Project

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Does Group Size Matter? European Governance after Enlargement

Applicant Leuffen Dirk
Number 120772
Funding scheme Project funding (Div. I-III)
Research institution Center for Comparative and International Studies (CIS) ETH Zentrum SEI
Institution of higher education ETH Zurich - ETHZ
Main discipline Political science
Start/End 01.04.2008 - 31.10.2011
Approved amount 307'800.00
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Keywords (8)

Group size; European Union; Domestic Politics; Enlargement; decision-making; oligarchization; formalization; adaptation

Lay Summary (English)

Lead
Lay summary
In this project we analyze the impact of group size on political decision-making. Taking the case of the European Union (EU) we investigate whether and how enlargement affects policy-making, both in terms of process but also outcome. In particular the last enlargement round has raised serious concerns on the EU’s governance capacities - given that the institutional framework had initially been designed for a community of six rather homogenous member states. Eastern enlargement has greatly increased the number of member states - the EU now consists of 27 countries - but also the economic, political and cultural heterogeneity of actors has grown. Most theories accordingly predict an increase in policy-stability. Interestingly, first findings on legislative output, however, do not corroborate these predictions. There is no general gridlock after enlargement and rather a ‘business as usual’ hypothesis seems to prevail. This raises the question of whether our theories were wrong and if yes, in what respect, or whether so far we have wrongly measured changes that have been brought about by enlargement.On the theoretical front, we start off with a rationalist reading of post-enlargement governance. We then complement rationalist hypotheses by adding sociological group theories. Those draw our attention to the behavior of the old and of the new member states as well as possible compensatory mechanisms that have been set into being. In particular, we apply theories of oligarchization, adaptation and formalization.The project uses a set of different methods. Econometric analyses, network analyses and case studies are complemented by agent-based models. Although agent-based modeling has produced promising results in other fields of political science it so far has only rarely been applied to the study of the EU. Agent-based models, however, seem well suited to get a better grip on the dynamic mechanisms of policy-making in the European multi-level system of governance.All in all, our project contributes to an ongoing multi-disciplinary debate about group size. By combining different theories of group decision-making the project more broadly fosters the development of our theoretical understanding of EU governance. Agent-based modeling is expected to guide our research into the black box of decision-making. The application of this method in combination with other sophisticated tools of analysis guarantees the scientific quality and innovative character of our contribution. Finally, on the empirical front, our research provides a rigorous account of the effects of Eastern enlargement as one of the most important steps in recent European integration.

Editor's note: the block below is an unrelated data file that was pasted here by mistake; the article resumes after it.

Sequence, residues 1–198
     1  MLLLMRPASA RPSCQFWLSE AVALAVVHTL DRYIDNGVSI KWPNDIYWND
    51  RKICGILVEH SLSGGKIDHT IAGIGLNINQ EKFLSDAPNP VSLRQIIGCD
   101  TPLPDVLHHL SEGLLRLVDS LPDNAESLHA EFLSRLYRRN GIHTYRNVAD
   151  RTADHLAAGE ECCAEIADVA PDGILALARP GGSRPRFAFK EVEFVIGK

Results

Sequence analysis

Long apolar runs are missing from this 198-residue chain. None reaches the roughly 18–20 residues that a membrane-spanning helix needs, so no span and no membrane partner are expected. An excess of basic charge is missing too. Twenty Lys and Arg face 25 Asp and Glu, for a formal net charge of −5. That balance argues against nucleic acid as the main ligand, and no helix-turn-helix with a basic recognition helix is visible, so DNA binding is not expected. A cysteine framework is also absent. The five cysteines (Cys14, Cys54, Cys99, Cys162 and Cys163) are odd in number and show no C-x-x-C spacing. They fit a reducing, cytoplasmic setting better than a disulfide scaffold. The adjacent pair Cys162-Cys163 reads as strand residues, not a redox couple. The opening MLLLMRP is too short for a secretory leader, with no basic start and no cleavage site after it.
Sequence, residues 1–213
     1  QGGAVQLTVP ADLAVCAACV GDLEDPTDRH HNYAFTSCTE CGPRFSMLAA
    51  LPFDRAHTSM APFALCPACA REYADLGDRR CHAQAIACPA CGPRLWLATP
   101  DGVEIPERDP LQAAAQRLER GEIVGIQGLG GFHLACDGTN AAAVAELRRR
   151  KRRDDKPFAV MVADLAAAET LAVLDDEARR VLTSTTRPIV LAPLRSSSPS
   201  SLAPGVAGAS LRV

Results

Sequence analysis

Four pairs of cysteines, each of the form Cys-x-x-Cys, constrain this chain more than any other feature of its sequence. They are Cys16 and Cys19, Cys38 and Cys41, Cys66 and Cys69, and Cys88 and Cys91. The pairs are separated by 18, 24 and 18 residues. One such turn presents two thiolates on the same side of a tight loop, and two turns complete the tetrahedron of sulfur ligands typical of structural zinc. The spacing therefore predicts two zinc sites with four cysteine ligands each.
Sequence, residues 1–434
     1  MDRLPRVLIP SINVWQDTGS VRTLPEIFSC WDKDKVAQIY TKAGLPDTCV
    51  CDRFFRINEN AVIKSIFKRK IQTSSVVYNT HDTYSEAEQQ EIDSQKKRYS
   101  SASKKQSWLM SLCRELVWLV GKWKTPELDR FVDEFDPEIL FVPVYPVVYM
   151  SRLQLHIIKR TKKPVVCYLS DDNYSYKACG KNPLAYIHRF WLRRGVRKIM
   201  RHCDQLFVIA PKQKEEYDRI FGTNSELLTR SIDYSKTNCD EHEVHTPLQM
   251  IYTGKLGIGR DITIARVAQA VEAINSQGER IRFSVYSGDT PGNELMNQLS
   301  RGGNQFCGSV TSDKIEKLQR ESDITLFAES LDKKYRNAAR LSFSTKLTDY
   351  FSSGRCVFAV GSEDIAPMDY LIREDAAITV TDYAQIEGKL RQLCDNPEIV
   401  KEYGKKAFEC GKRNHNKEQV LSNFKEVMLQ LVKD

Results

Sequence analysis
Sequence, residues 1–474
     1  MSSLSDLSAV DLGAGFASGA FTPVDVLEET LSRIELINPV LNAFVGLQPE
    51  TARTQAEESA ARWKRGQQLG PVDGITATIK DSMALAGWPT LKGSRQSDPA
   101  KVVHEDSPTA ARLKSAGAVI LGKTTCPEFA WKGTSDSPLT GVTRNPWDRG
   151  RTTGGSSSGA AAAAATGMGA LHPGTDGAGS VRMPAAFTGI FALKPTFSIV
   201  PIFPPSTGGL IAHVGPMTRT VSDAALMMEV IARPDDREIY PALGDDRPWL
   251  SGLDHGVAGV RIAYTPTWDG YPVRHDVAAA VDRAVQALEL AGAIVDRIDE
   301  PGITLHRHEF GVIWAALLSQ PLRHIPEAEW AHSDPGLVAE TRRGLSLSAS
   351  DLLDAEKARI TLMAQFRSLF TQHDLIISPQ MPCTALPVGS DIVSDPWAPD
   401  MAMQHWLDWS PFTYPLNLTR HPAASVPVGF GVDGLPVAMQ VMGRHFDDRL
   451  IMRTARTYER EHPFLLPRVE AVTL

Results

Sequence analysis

Direct link to Lay Summary Last update: 21.02.2013

Responsible applicant and co-applicants

Employees

Publications

Publication
Group Size and Formalization. A comparison of European Union decision-making before and after Eastern Enlargement
Hertz Robin Leuffen Dirk (2011), Group Size and Formalization. A comparison of European Union decision-making before and after Eastern Enlargement, in Geopolitics, History and International Relations, 3(1), 59-76.
Too big to run? Analysing the impact of enlargement on the speed of EU decision-making
Hertz R, Leuffen D (2011), Too big to run? Analysing the impact of enlargement on the speed of EU decision-making, in EUROPEAN UNION POLITICS, 12(2), 193-215.
'A New Dataset on Decision-Making in the European Union Before and After the 2004 and 2007 Enlargements (DEU II)
Robert Thomson Javier Arregui Dirk Leuffen James Cross Robin Hertz Thomas Jensen & Rory Costell (2011), 'A New Dataset on Decision-Making in the European Union Before and After the 2004 and 2007 Enlargements (DEU II), in Journal of European Public Policy, 19(4), 604-622.
If things can only get worse: Anticipation of enlargement in European Union legislative politics
Leuffen D, Hertz R (2010), If things can only get worse: Anticipation of enlargement in European Union legislative politics, in EUROPEAN JOURNAL OF POLITICAL RESEARCH, 49(1), 53-74.
Forecasting European Union politics: Real-time forecasts in political time series analysis
Bechtel MM, Leuffen D (2010), Forecasting European Union politics: Real-time forecasts in political time series analysis, in EUROPEAN UNION POLITICS, 11(2), 309-327.
Oligarchization, formalization, adaptation? Linking Sociological Theory and EU Enlargement Research
Bailer S, Hertz R, Leuffen D (2009), Oligarchization, formalization, adaptation? Linking Sociological Theory and EU Enlargement Research, in JOURNAL OF EUROPEAN PUBLIC POLICY, 16(1), 162-174.
The Impact of Eastern Enlargement on the Internal Functioning of the European Union: Why so much Continuity?
Leuffen Dirk, The Impact of Eastern Enlargement on the Internal Functioning of the European Union: Why so much Continuity?, in Arcidiacono Bruno (ed.).

Communication with the public

Communication Title Media Place Year
Media relations: print media, online media Die Osterweiterung der Europäischen Union im Rückblick Neue Zürcher Zeitung German-speaking Switzerland 30.04.2009

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